Variations Concertante (Op. 17) ––––––––– Felix Mendelssohn (1809 – 1847)
It is well known that Felix Mendelssohn had a musical older sister (Fanny), but he also had a younger sister and an even younger brother, Paul, who followed their father into banking but who played the cello to a good standard as a hobby. Felix dedicating two cello works to him, today's op. 17 and op. 45, a sonata for cello and piano written in1838. (He also named his own son 'Paul', who became a distinguished organic chemist.) Today's opus 17 was composed early in 1829 when Paul was 17 and Felix, aged 20, was on the brink of his first visit to England, and at the same time that he was famously re-introducing the German public to Bach's choral music after its being forgotten for a century. The (French) word concertante signals a virtuosic piece showcasing solo instruments. There is an original theme followed by 8 variations, played without repeats (c.f. Mozart) and flowing seamlessly into one another. The first 7 variations are short; cello has the tune, piano has the tune, piu vivace, con fuoco, then the cello plays pizzicato and the piano seem to go off after two unrelated tunes. This is followed by a tranquil 6th and a minor 7th variation, ending with a little cadenza for the cello. The 8th is much longer, starting with a recapitulation of the tune but that is followed by an accelerando and some florid pianistics; and a quiet ending.
Sonata for Arpeggione and Piano, D. 821 –– Franz Schubert (1797 – 1828)
i. Allegro moderato, ii. Adagio, iii. Allegretto.
The Viennese guitar maker J.G. Staufer in 1823 invented an instrument he called the 'arpeggione' or 'bowed guitar'. Schubert's friend Schuster bought one and within a year had acquired a facility on the instrument. He urged (there is no evidence of a fee) Schubert to write a sonata for arpeggione and fortepiano that would exploit the instrument's special features; the tone was not as strong as that of a cello, but the six strings (tuned in 4ths and 3rds like a guitar) gave the instrument a wide range, and a facility with arpeggios. The frets minimized vibrato and gave the instrument a viol-like purity of pitch and tone. The sonata (in A minor) was finished in November 1824 (around the time of the "Death and the Maiden" quartet) but not published till 1871. No other work for the instrument survives and within 10 years the arpeggione was forgotten (though there is currently a revival, and contemporary instruments are being made.) However, the popularity of this sonata owes little or nothing to the instrument. It is 'suffering Schubert' at his most lyrical, with his piquant swings from sweet despair to forlorn gaiety.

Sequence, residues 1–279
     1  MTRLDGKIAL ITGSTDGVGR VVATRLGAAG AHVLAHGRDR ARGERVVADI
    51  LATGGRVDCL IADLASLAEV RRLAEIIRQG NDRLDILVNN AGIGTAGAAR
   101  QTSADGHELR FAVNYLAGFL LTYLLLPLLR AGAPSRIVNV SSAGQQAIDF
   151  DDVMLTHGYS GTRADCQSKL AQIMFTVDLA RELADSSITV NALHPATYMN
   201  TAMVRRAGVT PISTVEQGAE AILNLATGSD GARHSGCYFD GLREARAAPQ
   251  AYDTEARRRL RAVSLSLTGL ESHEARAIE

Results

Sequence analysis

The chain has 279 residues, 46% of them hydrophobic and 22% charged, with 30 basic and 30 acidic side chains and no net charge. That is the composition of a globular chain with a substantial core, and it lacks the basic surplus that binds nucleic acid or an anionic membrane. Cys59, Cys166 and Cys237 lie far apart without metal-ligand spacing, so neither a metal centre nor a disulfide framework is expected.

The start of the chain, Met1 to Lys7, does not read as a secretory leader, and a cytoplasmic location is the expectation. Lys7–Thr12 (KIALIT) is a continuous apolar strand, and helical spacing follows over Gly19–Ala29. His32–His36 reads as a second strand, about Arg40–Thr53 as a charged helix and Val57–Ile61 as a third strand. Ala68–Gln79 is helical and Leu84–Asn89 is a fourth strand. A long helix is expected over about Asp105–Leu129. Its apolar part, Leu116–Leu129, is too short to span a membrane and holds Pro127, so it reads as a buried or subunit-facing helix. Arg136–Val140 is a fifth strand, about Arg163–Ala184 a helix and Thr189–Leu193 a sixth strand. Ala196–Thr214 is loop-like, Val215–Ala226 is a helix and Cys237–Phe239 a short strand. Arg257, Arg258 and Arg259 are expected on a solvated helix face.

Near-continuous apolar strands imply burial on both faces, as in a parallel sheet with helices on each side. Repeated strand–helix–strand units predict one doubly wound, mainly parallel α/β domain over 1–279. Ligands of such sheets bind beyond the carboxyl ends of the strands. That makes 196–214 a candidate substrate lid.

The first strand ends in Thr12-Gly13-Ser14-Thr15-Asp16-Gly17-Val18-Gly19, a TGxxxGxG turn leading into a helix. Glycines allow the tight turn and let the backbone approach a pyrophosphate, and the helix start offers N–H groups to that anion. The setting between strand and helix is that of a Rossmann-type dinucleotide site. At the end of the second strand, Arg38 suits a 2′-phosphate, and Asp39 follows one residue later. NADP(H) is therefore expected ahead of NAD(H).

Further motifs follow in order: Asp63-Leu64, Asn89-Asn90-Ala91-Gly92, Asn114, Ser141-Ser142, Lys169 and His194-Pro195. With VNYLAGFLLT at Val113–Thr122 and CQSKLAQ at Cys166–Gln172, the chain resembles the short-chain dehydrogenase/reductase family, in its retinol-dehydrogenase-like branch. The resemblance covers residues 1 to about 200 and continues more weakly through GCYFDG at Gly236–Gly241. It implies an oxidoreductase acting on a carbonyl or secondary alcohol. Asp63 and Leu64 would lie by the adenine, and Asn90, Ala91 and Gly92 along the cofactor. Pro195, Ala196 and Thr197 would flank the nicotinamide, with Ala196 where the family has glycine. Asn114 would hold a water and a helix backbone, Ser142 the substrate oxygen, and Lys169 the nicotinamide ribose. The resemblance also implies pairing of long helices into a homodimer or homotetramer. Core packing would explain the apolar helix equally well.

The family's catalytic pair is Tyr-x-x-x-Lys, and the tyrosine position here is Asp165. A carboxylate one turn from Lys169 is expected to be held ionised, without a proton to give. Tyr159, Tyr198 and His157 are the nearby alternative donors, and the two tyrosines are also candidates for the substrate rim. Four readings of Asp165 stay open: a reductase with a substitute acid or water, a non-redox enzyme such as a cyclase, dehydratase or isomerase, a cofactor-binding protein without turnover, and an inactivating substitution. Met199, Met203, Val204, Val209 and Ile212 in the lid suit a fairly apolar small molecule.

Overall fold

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Sonata in F major, Opus 99 –– Johannes Brahms (1833 - 1897)
i. Allegro vivace, ii. Adagio affettuoso, iii. Allegro passionato, iv. Allegro molto.
This is Brahms' second sonata for cello and piano, written in 1886 after the completion of all 4 symphonies, and with the 53 year-old Brahms in mid career; successful, popular, single, gruff. Like the 3rd symphony completed in 1883, this sonata is in F. Its inspiration was probably the cello playing of Robert Hausmann (cellist in the Joachim quartet). The first movement, in F major and 3/4 time, opens with tremendous energy. The bustling, almost orchestral, piano writing supports wonderfully sustained tunes in the cello. There soon appear Brahms' signature cross-rhythms, and contrasting quieter passages. The second movement, in the (technically) remote key of F sharp (i.e. raised a semitone), opens with the cello providing a pizzicato accompaniment, but eventually it is the sustained lyricism of the cello that sets the tone of the movement; it is less outwardly compelling that the 1st movement, and requires more concentration from the listener. The third movement is essentially a 'Scherzo', opening and closing in F minor but with a central 'Trio' section in F major. The last movement opens sweetly on the cello. The piano imitates, but after a few bars gets distracted by a tempestuous piano subplot. These two elements play off each other energetically; emotion perfectly structured; the height of European romanticism.
(Programme notes compiled by Ian West, from numerous sources. )